Step #6 – Become Licensed

As a pediatrician, you will need to get your license. This means you have to pass the necessary tests and meet all the requirements. Completing medical school and your residency are the two major requirements.

You will also need to become certified by The American Board of Pediatrics. This will require you to pass an additional exam. If you specialize, you may need to pass an exam for your specialty, as well.

Necessary Skills for Pediatricians

If you want to be successful as a pediatrician, you will need to develop the right skills. Your training and education will give you the medical skills you need. Other skills to develop include:

These skills are vital to your success as a pediatrician. As you go through your education and training, develop these skills, as well.

Frequently Asked Questions About Pediatricians

How much can I make as a pediatrician?

The average salary for a pediatrician is about $207,400, according to Salary.com. They put the range for this career at about $156K to about $284K per year.

Money.USNews.com states the average salary is about $175K. This source has the salary range going from about $17K to about $208K for most Pediatricians. If you’re in the top 10%, you will likely make more than just $208K per year.

Your location may determine how high of a salary you are paid. Fayetteville, Miami, Madera, and Manhattan tend to be the highest paying cities for pediatricians.

What type of benefits will I get as a pediatrician?

It’s common to gain health insurance, dental insurance, malpractice insurance, and disability insurance when you work as a pediatrician. Many employers will also provide loan forgiveness or repayment programs. You can use a 403(b)-retirement program and also gain paid time off. Some employers will even provide relocation assistance or a wellness program.

How many hours will I work as a pediatrician?

Many pediatricians work a regular 40-hour week with eight-hour shifts. They work regular business hours. Sometimes, you may need to provide services outside of normal business hours. This may include working on weekends or at night, sometimes.

Some pediatricians may also need to be on-call for emergencies. Your shifts will likely be varied and longer during your residency.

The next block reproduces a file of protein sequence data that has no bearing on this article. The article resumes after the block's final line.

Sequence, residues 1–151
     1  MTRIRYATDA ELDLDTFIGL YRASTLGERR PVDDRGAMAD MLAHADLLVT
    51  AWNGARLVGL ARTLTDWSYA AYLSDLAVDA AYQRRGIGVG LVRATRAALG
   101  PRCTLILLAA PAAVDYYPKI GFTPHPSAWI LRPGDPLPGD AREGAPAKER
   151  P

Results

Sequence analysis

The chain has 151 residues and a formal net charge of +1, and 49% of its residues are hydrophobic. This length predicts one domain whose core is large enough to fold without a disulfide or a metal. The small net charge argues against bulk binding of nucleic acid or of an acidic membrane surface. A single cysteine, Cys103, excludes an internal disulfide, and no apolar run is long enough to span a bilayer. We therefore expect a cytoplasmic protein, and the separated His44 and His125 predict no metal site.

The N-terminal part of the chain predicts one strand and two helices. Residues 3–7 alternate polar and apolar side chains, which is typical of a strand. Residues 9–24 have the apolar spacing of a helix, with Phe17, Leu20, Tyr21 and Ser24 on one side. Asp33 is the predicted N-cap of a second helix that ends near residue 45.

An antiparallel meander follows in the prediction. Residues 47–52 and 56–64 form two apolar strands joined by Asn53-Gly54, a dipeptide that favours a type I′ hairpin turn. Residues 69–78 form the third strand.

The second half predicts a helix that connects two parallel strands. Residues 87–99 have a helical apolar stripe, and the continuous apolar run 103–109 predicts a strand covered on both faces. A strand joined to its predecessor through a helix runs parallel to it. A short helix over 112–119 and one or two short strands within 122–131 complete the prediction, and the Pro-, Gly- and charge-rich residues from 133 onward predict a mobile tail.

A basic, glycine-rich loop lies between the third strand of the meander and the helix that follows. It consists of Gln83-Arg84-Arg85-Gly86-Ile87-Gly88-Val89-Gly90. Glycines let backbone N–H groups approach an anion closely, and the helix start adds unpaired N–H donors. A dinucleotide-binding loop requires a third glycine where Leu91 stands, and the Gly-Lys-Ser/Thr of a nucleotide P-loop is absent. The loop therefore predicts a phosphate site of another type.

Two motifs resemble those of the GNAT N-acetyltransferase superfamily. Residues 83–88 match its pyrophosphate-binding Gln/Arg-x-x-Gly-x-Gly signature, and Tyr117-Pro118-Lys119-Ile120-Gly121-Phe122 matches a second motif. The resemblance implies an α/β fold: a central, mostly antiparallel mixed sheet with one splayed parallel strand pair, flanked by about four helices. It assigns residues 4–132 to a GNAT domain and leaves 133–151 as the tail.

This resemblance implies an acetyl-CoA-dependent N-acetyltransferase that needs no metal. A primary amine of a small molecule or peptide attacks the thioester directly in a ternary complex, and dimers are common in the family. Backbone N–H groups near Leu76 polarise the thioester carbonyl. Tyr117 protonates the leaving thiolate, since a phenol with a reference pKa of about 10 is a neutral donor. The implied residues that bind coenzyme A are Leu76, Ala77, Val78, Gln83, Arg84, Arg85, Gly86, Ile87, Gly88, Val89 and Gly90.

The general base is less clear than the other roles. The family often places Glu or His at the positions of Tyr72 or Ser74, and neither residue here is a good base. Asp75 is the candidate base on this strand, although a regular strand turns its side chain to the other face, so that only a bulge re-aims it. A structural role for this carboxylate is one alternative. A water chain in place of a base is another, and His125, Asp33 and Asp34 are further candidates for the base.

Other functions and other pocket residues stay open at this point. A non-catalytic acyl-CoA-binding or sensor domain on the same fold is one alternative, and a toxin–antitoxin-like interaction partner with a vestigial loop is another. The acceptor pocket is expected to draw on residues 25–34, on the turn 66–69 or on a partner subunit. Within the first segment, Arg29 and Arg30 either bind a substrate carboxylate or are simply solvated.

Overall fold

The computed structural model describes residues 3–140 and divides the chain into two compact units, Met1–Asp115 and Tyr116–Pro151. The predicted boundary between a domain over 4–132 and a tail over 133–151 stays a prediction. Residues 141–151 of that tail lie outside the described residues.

Will I treat adults as a pediatrician?

While you will specialize in treating children, many pediatricians see patients up to the age of 21. This means you will treat adults from age 18 to 21, in some circumstances. Often, you won’t treat adults any older as you will not be trained to treat adults specifically.

Where can I work as a pediatrician?

there are many settings for pediatricians to work in. You may work in a hospital, a children’s hospital, a health maintenance organization, your own private practice, or in the military. Some will even work as researchers or teachers.

What is the work environment like for a pediatrician?

It will likely depend on where you work, but it’s common for pediatricians to spend many hours on their feet. You will work directly with children of all ages.

The environment will likely be much like a doctor’s office. you may spend some time in the emergency room if you work for a hospital.

Are pediatricians in high demand?

Most jobs in the healthcare industry are in high demand. Depending on the specialty you choose, your job may be in higher demand than others. While, in general, this career isn’t growing very fast, some specialties may be in high demand.

Those looking for a rewarding career in medicine may want to consider becoming a pediatrician. This type of career will allow you to help children, get paid well, and enjoy the prestige of becoming a doctor. Make sure you are dedicated, however, as it will take several years to become a pediatrician.

Jordan Fabel

Jordan Fabel

Covering different 'paths' that people's lives can take. Creative, foster parent, ticket dismissal, you get the idea. Exploring the requirements, certifications, exams, and obviously, approved courses along each path.